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Rogers Begins Work on Possible Lame Duck Omnibus

Away from the din of the campaign, House and Senate appropriations staffers are quietly laying the groundwork for an ambitious wrap-up spending package in the lame duck.

The push is coming in part from Republican leaders, who are making the case that they want to clear the decks for the 114th Congress and the prospect of Kentucky Republican Mitch McConnell becoming Senate majority leader.

“We need to do an omnibus bill funding the entire government for the rest of the year, and get that whole business behind us, so that come January, [McConnell] will have a clean slate rather than looking backwards to old fights that we could look forward to making positive changes,” House Appropriations Chairman Harold Rogers, R-Ky., told CQ Roll Call in a phone interview Thursday.

Rogers, who has been on the campaign trail with McConnell, said “discussions” have already begun with the White House about any additional funding changes that may be needed, but that the administration has yet to send over a list of formal requests.

“We’re already cleaning out the underbrush on an omnibus bill so that we can have it timely considered before we adjourn,” Rogers said.

Aides say they have been working steadily over the last several weeks, compiling notes that would act as a starting point for formal House-Senate negotiations that could begin soon after the elections.

In many ways, the two chambers are not all that far apart on spending levels, suggesting there is a path to an omnibus deal if both sides make the efforts.

Election Results

GOP leaders in both chambers are said to be on board with such an approach, but aides and lobbyists close to Appropriations committees said there is concern that the election results could upend the committees’ planning, particularly if party control of the Senate is not determined by Nov. 5.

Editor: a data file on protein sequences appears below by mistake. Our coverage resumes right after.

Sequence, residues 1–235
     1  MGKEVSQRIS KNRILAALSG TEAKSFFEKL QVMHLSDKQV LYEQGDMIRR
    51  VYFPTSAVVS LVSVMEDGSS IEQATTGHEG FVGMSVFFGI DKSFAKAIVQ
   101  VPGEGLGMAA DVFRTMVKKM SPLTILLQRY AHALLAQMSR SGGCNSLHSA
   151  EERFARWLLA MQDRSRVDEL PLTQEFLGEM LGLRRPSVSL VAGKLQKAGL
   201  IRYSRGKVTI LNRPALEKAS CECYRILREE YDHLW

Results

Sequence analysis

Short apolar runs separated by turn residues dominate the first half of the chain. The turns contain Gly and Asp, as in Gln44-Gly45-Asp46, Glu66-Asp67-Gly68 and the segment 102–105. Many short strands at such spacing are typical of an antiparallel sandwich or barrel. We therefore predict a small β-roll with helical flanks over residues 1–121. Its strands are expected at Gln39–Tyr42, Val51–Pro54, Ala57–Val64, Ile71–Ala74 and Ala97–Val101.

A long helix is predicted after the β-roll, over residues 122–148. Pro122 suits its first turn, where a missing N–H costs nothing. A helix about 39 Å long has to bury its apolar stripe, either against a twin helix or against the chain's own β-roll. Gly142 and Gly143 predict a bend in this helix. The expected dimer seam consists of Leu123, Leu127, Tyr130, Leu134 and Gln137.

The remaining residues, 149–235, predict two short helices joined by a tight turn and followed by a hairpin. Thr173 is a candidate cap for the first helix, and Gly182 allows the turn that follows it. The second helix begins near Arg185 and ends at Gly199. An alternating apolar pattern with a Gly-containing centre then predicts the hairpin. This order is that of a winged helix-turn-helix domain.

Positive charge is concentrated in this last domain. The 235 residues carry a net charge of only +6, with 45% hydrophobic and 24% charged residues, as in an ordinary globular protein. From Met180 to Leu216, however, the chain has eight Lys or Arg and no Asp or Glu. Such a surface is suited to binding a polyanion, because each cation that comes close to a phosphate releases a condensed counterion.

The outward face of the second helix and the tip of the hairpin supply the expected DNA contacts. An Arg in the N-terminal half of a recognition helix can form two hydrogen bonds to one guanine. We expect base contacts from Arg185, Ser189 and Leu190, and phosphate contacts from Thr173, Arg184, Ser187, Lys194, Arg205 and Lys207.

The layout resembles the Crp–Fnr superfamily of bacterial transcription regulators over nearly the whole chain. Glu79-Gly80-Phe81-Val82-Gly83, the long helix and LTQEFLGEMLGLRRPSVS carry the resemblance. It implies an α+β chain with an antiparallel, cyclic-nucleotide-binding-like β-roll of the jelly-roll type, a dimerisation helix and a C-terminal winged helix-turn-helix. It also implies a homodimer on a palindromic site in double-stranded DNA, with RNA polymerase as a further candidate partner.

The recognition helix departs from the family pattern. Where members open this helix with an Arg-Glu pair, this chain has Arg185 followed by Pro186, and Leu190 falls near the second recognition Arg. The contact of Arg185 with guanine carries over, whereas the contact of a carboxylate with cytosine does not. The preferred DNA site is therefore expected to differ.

There is also concern that if the GOP captures control of the Senate, rank-and-file lawmakers could be tempted to cut Senate Democrats out of the negotiating process by punting fiscal 2015 appropriations work into the new Congress and passing a second stopgap in the interim.

That’s an approach that was advocated by influential conservatives like Sen. Ted Cruz, R-Texas, in September, but lobbyists warn that another stopgap would harm planning and procurement at government agencies.

The desire for a clean legislative slate in the new Congress could also prompt lawmakers to pass a full-year continuing resolution in the lame duck.

Appropriators are against the prospect of another stopgap.

Staffers on the 12 Appropriations subcommittees are said to have begun identifying differences in the various House and Senate bills. In addition, some aides have started to talk to their counterparts across the Rotunda about policy disagreements.

The work staffers have been able to do has been limited, however, because the committee chairmen have not yet given them consensus subcommittee allocations, which determine how much money can get doled out to different federal programs. Those numbers likely won’t be determined until after the election, according to aides.

“Conference negotiations take an incredible amount of manpower. Anything we can do to get our ducks in a row ahead of time is helpful,” said one GOP aide.

The House passed seven of the 12 annual bills this summer, and the chamber’s Appropriations Committee reported another four. The Senate, meanwhile, did not pass any of its bills off the floor. Senate appropriators reported eight bills from committee and released the other four as subcommittee drafts before the August recess.

Tight Timeline

If work begins next week, staffers would have just over a month to hammer out an omnibus before the current continuing resolution (PL 113-164) expires on Dec. 11.

That’s a tall order, but a far more favorable timeline than last year, when staffers and top appropriators worked over the winter holidays to produce a government-wide fiscal 2014 spending package (PL 113-76) in less than three weeks.

Rogers and his Senate counterpart, Barbara A. Mikulski, D-Md., have made no secret of the fact that they’re looking to replicate that $1.1 trillion omnibus this year.

The undertaking should not be a “Herculean” one this time around, Rogers said last month, since the December budget deal (PL 113-67) ensured that House and Senate appropriators have been working off the same $1.014 trillion top line all year.

Instead, the biggest challenge for appropriators will likely be reconciling spending levels for the war-related spending account, which is not subject to the same spending caps, and determining funding levels to meet new threats such as the Ebola outbreak and the Islamic State terrorist group.

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